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Drones, or unmanned aerial vehicles (UAVs), are experiencing rapid growth throughout the world. In the United States, the FAA expects the recreational UAV fleet to reach almost 1.5 million units by 2024. Significant growth is also expected in commercial drones used for safety, delivery, and service operations, with the number of such aircraft expected to approximately double in the next year. UAVs will bring innovations across a variety of sectors, including critical infrastructure, public safety, agriculture, and delivery of consumer goods and services.

In January, the Federal Communications Commission (FCC) released a Notice of Proposed Rulemaking seeking to modernize its spectrum rules to support the growth of UAV operations. The rulemaking touches on a number of important issues regarding UAV spectrum. In particular, the proceeding highlights a little-known licensing compliance issue relevant to UAV operators.

Current VHF Radio Licensing for UAV Operators

The aeronautical VHF band (117.975 MHz -137 MHz) is used by aviation for air traffic control (ATC) and advisory communications, among other aviation-safety purposes. The FCC’s rules have long recognized the use of this band for manned flights. In fact, Section 87.18 of the FCC’s rules provides that pilots of domestic manned flights are generally automatically granted licenses for VHF aircraft radios without the need to apply to the FCC. However, the FCC’s rules require that such radio equipment be “located on board an aircraft,” which presents an obvious problem for UAV operators, which usually seek to communicate using ground-based radios.

One way that UAV operators have addressed this issue is by use of an “ATC Relay.” An ATC Relay involves an operator communicating with a UAV via an alternate channel, which is converted onboard the UAV into an aeronautical VHF channel for communication with ATC or other aircraft. Because the VHF radio is onboard the UAV, its use is consistent with the FCC’s rules. However, according to the FCC, such relay systems are still relatively nascent.

Instead, operators more commonly rely on ground-based “aircraft” radios without the use of a relay radio on the UAV. Although such stations are not authorized under the FCC’s rules, the Commission has addressed this discrepancy through the “Special Temporary Authorization” (STA) process. STAs are valid for up to 180 days (renewal is possible) and permit the pilot in command, or other personnel on the ground, to directly communicate with ATC or other aircraft via ground-based radios as though the radio were present on an aircraft. The STA application process is relatively straightforward, though the FCC does typically require a copy of the UAV operator’s Certificate of Authorization (COA) from the FAA.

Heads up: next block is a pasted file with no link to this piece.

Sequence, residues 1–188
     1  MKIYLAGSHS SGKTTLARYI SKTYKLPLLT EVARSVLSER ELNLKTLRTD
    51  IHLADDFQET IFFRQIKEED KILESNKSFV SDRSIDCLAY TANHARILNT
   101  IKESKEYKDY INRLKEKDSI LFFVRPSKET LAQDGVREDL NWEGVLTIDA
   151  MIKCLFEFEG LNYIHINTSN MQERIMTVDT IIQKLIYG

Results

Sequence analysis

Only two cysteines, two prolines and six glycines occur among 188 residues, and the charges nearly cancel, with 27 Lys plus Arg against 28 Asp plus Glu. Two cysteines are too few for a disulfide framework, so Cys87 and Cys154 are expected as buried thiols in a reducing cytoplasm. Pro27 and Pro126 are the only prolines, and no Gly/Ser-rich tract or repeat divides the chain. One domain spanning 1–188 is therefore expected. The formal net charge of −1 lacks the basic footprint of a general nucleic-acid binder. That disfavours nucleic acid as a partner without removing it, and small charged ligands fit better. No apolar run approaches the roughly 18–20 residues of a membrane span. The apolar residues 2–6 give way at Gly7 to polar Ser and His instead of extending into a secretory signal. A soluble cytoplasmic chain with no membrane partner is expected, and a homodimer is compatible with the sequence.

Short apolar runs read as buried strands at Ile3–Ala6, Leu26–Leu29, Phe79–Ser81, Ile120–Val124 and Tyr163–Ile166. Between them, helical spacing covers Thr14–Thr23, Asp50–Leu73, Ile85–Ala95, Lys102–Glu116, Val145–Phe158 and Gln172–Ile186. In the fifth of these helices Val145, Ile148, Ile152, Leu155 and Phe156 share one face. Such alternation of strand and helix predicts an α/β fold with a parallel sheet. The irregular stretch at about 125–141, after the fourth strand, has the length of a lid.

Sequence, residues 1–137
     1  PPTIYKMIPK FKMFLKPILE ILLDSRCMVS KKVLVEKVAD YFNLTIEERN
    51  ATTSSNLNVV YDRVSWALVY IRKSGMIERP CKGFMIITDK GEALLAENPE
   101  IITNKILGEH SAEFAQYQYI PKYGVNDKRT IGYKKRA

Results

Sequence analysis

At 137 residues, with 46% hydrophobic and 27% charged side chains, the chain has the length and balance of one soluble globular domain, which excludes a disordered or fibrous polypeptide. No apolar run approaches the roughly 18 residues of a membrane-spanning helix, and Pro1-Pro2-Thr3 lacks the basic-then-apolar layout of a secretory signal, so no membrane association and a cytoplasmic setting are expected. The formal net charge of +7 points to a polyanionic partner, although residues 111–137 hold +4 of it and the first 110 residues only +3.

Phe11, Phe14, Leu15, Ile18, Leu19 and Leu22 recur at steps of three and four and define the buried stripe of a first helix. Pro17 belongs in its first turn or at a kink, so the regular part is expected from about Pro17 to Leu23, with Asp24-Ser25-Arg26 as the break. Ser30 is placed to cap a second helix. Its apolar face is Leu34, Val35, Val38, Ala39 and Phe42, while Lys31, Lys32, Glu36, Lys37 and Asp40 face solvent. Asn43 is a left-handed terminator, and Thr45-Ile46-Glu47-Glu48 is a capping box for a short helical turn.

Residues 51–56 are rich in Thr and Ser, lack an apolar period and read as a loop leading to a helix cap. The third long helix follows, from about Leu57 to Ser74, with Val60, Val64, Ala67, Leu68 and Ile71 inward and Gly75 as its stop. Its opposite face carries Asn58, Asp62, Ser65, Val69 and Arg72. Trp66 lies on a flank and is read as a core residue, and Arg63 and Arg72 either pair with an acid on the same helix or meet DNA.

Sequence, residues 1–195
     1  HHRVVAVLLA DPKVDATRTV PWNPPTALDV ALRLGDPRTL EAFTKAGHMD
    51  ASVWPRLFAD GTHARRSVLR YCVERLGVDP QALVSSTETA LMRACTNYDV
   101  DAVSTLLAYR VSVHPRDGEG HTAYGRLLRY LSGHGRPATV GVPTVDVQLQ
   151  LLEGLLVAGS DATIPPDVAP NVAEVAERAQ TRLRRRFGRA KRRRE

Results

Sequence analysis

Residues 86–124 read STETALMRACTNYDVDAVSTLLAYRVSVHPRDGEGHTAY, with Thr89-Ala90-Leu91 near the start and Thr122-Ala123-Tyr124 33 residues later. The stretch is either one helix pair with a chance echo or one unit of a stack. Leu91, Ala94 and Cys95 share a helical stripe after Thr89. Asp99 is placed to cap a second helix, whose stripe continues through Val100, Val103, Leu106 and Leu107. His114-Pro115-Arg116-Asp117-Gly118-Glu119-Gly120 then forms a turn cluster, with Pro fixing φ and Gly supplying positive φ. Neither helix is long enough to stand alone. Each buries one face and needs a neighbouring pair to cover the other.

A Path Forward

Clearly, case-by-case temporary authorizations for UAV communications are not ideal, given the explosive growth in the market. A better solution would be for the FCC to conform its rules to the real world. To its credit, the FCC is poised to do just that. In its Notice of Proposed Rulemaking, the FCC proposes to individually license VHF ground stations under a new category known as “Unmanned Aircraft Operator VHF Ground Station.” This type of authorization would require applicants to submit a Form 605 requesting license authority. The FCC proposes to require endorsement from the FAA, most likely in the form of a COA. Once issued, the license would authorize ground-based communications for UAV flights on all air traffic control, flight service station, aeronautical advisory station (unicom), and aeronautical multicom station channels authorized for use by aircraft. The FCC believes this process will mitigate concerns regarding the oversaturation of critical aeronautical channels as drone use grows.


The FCC has not announced when a final rule will be issued, although it is not uncommon for rulemaking proceedings to take a year or more. In the interim, UAV operators will want to ensure they comply with the FCC’s rules, including by securing special temporary authorization if necessary, for any ground-based use of aircraft radios. Should you have any questions, please do not hesitate to contact Greg Kunkle (